DB: How do you place the SCP in this confusing spectrum of protestors (from Reclaim the Streets to anarchists)? Are you artists as activists or activists as artists?

SCP: The confusing spectrum of protesters can be clarified as follows. The militant anarchists (remember: the SCP consider themselves to be anarchists) would probably destroy the surveillance cameras. The traditional leftists and, in New York, many so-called Reclaim the Streets people are actually traditional leftists would probably denounce the cameras to their elected representatives. But the SCP -- like good situationists -- divert or "detourn" the cameras, that is, we temporarily use them for our own (subversive) purposes. Like the original anti-road activists who started RTS, the SCP are a "single issue" group.

DB: I note the humor in your work and in your web site, and I see that the press often represents you as a novelty act. Does your "serious" message get more or less misrepresented?

SCP: Yes, thereีs a lot of humor in our work, especially "black" or "gallows" humor. Like Monty Python's Piranha Brothers, parody and satire are among our primary weapons. And so yes, it is true that, as a result, our "serious" message is more easily misrepresented. But, by the same token, the core of what we do is so strong that media misrepresentation cannot ruin it. Look at CNN: even they saw clearly that "anyone" can indeed do what the SCP does, and this is precisely one of its most subversive aspects. [The following part of the answer wasn't published.] Politics back in art? Radical art? We want no part of any of it. Like the situationists, we want to transcend the separation between politics and art, not "invigorate" one with a dose of the other. The reason both art and politics can never be truly radical is their separation from each other, and from daily life. The SCP tries to be both "artistic" and "political," and tries to put this mixture across in everyday situations (subways stations, street corners, etc.) We never have, and never will, perform for either a strictly political or a strictly artistic audience.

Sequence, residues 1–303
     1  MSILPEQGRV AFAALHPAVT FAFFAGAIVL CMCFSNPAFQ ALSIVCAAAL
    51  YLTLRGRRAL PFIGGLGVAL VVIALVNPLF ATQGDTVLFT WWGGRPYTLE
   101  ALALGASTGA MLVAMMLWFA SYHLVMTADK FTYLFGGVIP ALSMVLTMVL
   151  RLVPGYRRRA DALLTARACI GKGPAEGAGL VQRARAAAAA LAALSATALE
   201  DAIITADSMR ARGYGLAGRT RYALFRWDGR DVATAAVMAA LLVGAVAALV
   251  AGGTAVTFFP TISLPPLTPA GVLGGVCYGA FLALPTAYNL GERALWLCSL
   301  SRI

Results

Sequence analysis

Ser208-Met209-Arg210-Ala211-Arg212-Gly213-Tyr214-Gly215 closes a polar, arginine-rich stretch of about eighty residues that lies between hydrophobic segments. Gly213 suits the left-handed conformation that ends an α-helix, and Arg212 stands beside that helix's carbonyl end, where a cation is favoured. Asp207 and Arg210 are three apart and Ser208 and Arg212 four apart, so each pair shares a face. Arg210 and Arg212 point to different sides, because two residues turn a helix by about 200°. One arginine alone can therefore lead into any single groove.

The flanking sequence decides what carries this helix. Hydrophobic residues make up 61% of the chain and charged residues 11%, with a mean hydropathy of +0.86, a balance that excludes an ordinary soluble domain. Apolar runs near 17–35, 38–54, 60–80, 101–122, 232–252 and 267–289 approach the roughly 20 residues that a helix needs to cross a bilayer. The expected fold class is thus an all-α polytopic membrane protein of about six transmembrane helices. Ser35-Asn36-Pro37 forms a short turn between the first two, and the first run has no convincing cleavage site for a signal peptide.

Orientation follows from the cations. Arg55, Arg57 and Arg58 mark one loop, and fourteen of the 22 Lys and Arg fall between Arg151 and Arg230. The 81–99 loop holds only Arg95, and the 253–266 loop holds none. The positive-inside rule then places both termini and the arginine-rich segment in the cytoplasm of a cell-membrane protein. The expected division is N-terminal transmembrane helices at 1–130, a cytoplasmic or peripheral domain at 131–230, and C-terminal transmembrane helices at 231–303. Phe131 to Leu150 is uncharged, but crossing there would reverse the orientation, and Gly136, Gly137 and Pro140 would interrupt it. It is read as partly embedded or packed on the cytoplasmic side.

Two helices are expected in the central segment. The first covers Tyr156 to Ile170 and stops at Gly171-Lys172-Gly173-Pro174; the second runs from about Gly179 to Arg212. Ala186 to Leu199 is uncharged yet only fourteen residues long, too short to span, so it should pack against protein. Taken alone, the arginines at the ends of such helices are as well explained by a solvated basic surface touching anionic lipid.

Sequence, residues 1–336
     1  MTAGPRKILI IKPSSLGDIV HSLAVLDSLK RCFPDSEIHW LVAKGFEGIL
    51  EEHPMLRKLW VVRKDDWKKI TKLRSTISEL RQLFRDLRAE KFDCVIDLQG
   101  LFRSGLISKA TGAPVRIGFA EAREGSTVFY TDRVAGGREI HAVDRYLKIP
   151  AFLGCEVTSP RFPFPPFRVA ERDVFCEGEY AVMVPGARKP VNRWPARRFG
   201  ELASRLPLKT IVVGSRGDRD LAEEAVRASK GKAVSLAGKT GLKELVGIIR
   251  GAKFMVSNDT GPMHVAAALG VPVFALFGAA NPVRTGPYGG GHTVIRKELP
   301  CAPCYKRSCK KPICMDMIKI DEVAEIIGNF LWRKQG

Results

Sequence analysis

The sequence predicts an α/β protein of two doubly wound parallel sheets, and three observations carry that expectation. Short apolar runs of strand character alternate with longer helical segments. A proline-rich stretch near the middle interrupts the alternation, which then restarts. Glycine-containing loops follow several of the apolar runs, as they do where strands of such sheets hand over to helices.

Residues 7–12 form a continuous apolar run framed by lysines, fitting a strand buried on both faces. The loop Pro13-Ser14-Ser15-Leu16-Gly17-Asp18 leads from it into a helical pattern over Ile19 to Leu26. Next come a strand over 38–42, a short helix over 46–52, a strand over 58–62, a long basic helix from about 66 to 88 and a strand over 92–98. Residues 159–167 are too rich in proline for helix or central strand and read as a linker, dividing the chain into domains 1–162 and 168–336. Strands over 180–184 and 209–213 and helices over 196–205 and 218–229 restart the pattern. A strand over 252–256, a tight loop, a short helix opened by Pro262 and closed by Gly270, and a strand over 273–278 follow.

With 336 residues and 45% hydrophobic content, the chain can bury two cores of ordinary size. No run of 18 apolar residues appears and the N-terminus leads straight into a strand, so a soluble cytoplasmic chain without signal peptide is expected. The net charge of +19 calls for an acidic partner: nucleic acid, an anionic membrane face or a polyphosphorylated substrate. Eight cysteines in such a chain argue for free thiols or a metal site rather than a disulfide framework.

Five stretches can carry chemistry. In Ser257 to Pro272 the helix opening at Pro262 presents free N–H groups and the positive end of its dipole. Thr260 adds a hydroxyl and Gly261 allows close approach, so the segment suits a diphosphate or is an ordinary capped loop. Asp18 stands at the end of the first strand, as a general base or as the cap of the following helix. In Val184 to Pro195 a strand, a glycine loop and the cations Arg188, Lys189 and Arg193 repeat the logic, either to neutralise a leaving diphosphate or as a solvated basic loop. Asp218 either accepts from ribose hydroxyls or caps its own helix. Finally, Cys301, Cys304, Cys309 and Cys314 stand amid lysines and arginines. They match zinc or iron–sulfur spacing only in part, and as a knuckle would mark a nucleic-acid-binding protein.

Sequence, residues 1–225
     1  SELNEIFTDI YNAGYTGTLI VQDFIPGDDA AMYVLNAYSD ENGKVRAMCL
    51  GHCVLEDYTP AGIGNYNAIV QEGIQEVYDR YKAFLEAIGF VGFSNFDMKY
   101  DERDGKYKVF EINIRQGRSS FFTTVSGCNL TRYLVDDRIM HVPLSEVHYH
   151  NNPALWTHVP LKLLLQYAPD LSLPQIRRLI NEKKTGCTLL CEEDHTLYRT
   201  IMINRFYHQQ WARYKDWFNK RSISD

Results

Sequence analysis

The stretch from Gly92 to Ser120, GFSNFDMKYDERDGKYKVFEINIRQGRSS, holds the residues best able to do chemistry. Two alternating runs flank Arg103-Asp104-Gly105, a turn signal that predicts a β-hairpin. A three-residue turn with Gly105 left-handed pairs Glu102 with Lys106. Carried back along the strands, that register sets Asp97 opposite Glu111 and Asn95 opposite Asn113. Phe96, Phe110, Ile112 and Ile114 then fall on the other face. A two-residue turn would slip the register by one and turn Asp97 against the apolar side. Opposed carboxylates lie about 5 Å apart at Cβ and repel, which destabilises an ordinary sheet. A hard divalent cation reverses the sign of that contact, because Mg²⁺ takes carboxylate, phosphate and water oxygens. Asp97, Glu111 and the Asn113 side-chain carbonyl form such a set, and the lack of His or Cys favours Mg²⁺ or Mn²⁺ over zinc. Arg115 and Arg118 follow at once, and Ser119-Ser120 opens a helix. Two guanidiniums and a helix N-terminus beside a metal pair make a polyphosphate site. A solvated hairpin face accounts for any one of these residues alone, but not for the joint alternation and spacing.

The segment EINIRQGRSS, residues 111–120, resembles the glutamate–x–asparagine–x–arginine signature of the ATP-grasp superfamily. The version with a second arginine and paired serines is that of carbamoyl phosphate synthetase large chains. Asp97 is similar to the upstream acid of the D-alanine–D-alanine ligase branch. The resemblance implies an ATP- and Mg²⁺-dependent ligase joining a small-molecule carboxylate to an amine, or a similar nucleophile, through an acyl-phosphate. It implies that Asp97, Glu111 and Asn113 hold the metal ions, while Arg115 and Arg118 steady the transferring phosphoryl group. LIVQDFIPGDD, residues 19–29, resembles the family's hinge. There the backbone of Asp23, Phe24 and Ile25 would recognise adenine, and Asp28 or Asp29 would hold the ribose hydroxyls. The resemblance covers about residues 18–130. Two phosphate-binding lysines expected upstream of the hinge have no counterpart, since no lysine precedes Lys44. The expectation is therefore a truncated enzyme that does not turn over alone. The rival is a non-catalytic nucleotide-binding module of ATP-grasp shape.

DB: Most people would agree that security cameras are scary because they serve the powerful. But aren't we all implicated in the society of surveillance? TV (at least UK TV) is dominated by cheapo programmes made out of amateur or police footage. A lot of people like watching such videos, which are really part of the surveillance society. Does this make most of us part of the problem?

SCP: The proliferation of surveillance would not be possible without the prior development of what the situationists called the society of the spectacle, that is, a society that privileges images of life over life itself. (See our extended article entitled Time in the Shadows of Anonymity. The long and short of it is, yes, people who enjoy watching programmes made up of police video footage are one of the symptoms of the larger problem, which is best defined as an absence of genuine life among the living.

Contact the Surveillance Camera Players

By e-mail Info@notbored.org

By snail mail: SCP c/o NOT BORED! POB 1115, Stuyvesant Station, New York City 10009-9998